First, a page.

Gorgeous aurora borealis photos from last week's solar storms (more on the way tonight!)

[Photograph courtesy Shawn Malone, LakeSuperiorPhoto.com]

Via the BB Submitterator, Chris Combs says:

Following up on a previous Boing Boing post: last week, our sun's hot plasma shot a billion tons of energetic particles towards Earth, which led to some amazing aurora borealis. I was thrilled to see a fine batch of northern lights photos on Flickr, and even more excited that their creators gave us permission to run them on National Geographic News. And—there could be more coming tonight, thanks to a Saturday solar flare! Enjoy!
Pictures: Huge Solar Storm Triggers Unusual Auroras (news.nationalgeographic.com)


  1. Stunning. I can’t imagine what it must be like to experience that in real life, big as the sky as opposed to the size of my computer screen.

  2. I was in Iceland in ’84; they covered 270 degrees of the sky, full-color spectrum and I swear they made a noise.

    Most incredible thing I’ve seen in my 52 years on this Earth.

  3. Very nice – but I don’t see any way to save nice high-resolution versions for use as wallpaper.

    1. Hey, sorry, we don’t do wallpapers on NG News. There are lots of legal clearance issues with making photographs into wallpapers, believe it or not.

      But you can see some of the same photos on Flickr, possibly in higher resolution: http://bit.ly/czQ7gv

      Of course, make sure you’re not abusing the copyright (and trust) of the photographers…

  4. I saw displays that rivaled these when I lived in Fairbanks. I never heard a sound, though. That’s just what you tell the cheechakos for lulz.

  5. BlackPanda not able to log in:

    I’m on a bunch of email warning lists, so i get heads-up whenever the Sun is being a bit of a bell-end and this sort of thing is likely to happen.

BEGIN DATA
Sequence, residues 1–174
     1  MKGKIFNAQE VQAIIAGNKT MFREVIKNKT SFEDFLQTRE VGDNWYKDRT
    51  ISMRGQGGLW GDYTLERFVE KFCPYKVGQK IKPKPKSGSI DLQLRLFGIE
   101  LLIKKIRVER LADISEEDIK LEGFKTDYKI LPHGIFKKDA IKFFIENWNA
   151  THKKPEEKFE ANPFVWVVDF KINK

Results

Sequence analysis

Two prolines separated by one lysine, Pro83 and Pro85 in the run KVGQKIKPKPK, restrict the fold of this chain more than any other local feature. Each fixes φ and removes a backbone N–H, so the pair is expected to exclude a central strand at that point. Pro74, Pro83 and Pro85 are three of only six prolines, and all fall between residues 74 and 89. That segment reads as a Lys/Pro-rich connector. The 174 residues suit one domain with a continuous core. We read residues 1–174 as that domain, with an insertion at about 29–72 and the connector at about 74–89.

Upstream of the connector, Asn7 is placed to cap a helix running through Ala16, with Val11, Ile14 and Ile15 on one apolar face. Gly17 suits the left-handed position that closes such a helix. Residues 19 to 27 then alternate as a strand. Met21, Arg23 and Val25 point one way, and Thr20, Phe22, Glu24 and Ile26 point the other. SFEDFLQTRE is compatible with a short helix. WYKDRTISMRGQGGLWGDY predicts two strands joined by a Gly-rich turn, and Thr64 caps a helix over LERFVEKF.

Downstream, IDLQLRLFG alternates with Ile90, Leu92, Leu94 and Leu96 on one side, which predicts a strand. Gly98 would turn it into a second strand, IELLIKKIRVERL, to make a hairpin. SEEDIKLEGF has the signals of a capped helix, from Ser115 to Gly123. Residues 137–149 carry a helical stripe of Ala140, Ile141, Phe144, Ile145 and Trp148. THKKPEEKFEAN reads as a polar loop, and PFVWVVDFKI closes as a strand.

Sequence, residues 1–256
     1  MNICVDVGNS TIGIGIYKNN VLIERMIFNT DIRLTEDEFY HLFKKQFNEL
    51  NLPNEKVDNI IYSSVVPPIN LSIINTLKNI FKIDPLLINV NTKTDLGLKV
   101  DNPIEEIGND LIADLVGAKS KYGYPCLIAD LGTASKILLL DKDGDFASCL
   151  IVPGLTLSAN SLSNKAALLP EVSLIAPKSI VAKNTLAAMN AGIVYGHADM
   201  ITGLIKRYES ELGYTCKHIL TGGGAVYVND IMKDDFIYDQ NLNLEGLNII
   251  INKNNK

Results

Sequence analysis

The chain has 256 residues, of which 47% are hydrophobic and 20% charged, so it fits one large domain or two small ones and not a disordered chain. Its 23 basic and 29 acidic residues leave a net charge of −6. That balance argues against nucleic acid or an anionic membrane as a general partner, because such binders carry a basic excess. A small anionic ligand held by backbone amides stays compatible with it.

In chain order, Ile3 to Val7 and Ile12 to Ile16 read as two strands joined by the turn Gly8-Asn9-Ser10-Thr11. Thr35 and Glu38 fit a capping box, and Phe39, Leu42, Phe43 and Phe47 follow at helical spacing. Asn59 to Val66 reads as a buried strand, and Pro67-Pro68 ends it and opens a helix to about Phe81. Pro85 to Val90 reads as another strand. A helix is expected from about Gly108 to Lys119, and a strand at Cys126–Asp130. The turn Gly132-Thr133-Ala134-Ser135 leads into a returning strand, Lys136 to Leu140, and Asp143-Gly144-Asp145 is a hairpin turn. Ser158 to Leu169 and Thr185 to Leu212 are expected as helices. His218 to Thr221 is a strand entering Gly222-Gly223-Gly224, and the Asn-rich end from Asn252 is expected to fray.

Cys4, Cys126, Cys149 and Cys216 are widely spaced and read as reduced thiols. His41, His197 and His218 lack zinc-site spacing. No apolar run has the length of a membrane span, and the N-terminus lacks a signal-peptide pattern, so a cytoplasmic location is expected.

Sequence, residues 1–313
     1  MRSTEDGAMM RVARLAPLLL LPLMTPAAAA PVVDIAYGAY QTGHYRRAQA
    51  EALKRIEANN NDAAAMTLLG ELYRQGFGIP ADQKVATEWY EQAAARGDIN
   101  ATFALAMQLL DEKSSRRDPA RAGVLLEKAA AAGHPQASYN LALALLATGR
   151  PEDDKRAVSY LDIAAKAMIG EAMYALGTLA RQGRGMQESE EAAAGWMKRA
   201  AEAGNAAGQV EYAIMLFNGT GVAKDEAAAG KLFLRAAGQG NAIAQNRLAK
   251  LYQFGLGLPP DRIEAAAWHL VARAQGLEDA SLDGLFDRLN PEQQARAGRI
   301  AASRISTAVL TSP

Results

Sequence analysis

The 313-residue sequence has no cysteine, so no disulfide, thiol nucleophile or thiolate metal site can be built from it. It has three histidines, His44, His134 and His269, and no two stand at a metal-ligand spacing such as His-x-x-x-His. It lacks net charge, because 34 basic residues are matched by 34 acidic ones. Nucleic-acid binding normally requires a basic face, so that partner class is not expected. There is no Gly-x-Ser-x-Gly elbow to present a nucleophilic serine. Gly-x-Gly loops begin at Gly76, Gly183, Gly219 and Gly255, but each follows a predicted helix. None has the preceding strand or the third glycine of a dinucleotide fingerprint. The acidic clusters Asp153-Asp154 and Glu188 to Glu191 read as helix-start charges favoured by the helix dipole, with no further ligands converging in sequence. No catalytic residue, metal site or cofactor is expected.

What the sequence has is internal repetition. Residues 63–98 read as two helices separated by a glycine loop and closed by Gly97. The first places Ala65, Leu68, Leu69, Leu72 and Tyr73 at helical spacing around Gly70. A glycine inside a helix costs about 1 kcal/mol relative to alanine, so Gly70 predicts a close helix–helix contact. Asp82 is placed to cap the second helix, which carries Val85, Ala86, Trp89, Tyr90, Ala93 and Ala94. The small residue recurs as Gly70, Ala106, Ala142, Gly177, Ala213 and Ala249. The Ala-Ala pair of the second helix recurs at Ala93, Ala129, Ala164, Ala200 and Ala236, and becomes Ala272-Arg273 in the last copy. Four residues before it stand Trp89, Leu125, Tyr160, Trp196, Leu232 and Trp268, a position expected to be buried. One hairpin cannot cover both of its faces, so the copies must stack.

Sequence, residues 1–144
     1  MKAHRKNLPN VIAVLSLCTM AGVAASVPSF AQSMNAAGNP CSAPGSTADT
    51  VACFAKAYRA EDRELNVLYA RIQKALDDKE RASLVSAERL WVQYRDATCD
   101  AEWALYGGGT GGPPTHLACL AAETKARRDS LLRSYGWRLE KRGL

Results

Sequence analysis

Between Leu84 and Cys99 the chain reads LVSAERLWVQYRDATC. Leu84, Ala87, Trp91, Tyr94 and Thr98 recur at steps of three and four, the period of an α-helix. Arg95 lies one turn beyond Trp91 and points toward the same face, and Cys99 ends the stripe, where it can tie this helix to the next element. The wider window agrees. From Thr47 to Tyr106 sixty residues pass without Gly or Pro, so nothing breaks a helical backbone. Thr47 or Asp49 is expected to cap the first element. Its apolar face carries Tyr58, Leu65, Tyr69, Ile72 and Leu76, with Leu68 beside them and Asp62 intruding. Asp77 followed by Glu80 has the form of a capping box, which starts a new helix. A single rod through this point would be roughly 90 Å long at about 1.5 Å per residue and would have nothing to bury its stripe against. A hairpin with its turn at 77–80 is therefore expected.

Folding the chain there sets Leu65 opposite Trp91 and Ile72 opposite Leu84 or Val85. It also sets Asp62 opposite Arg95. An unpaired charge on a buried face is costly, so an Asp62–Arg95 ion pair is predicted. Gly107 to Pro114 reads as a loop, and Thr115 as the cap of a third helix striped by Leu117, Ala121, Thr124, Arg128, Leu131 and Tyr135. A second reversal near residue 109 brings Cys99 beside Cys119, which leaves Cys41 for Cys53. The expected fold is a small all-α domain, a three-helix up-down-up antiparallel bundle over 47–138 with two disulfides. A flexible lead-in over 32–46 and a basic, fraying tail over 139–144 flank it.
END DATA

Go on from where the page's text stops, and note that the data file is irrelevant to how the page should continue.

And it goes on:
The last time this went down, I was living in Wales, and I spent my entire phone credit warning everybody I knew, including my astronomy lecturer (being on a degree course at the time) of the likely low-latitude aurora, before I somehow managed to completely forget about it, and go play GTA: San Andreas with my flatmate, accompanied by a couple of bongs… I distinctly remember it being the Area 69 level where you had to steal the jetpack.

    Of course, everybody else besides me saw bright green curtains across the sky.

    This time, it was just as pretty. Had good reports from my crew in Glasgow and Cardiff, so I’m happy.

    This phenomenon has become something of a personal obsession of mine, even though I’ve yet to see it up close, myself.

  6. Unfortunately I’m too far north to see the aurora–here in the Yukon it still doesn’t get quite dark at night, so when the last CME hit last week, we went out at 2am and could only see the faintest green glow of the aurora over the remaining sunlight.

    I’ll also note that the picture may not have actually appeared quite so beautiful to the naked eye. Through the magic of long exposure, a camera can capture a lot more than the eye can see. For example, this picture (nowhere near as spectacular as the one above) was taken on a night when I only saw the faintest green glow that I could barely make out.

  7. Can it be seen from tronto(GTA)?I was pay attention to night sky in past few days and didn’t spot anything similar to this. May be those pesky lights from buildings obliterate it.

  8. I have a question- for anyone who has actually seen the northern lights- I’ve seen them in numerous tv shows but have to wonder if the shots I see on tv are time lapse- or do the light patterns REALLY move that fast?

    Amazing photo!


  9. Aye, Larry7, I have seen them move a variety of speeds: from nearly static glows, through the speeds you see on TV shows, to literally 10Hz hair-raising pulsing across the entire sky.

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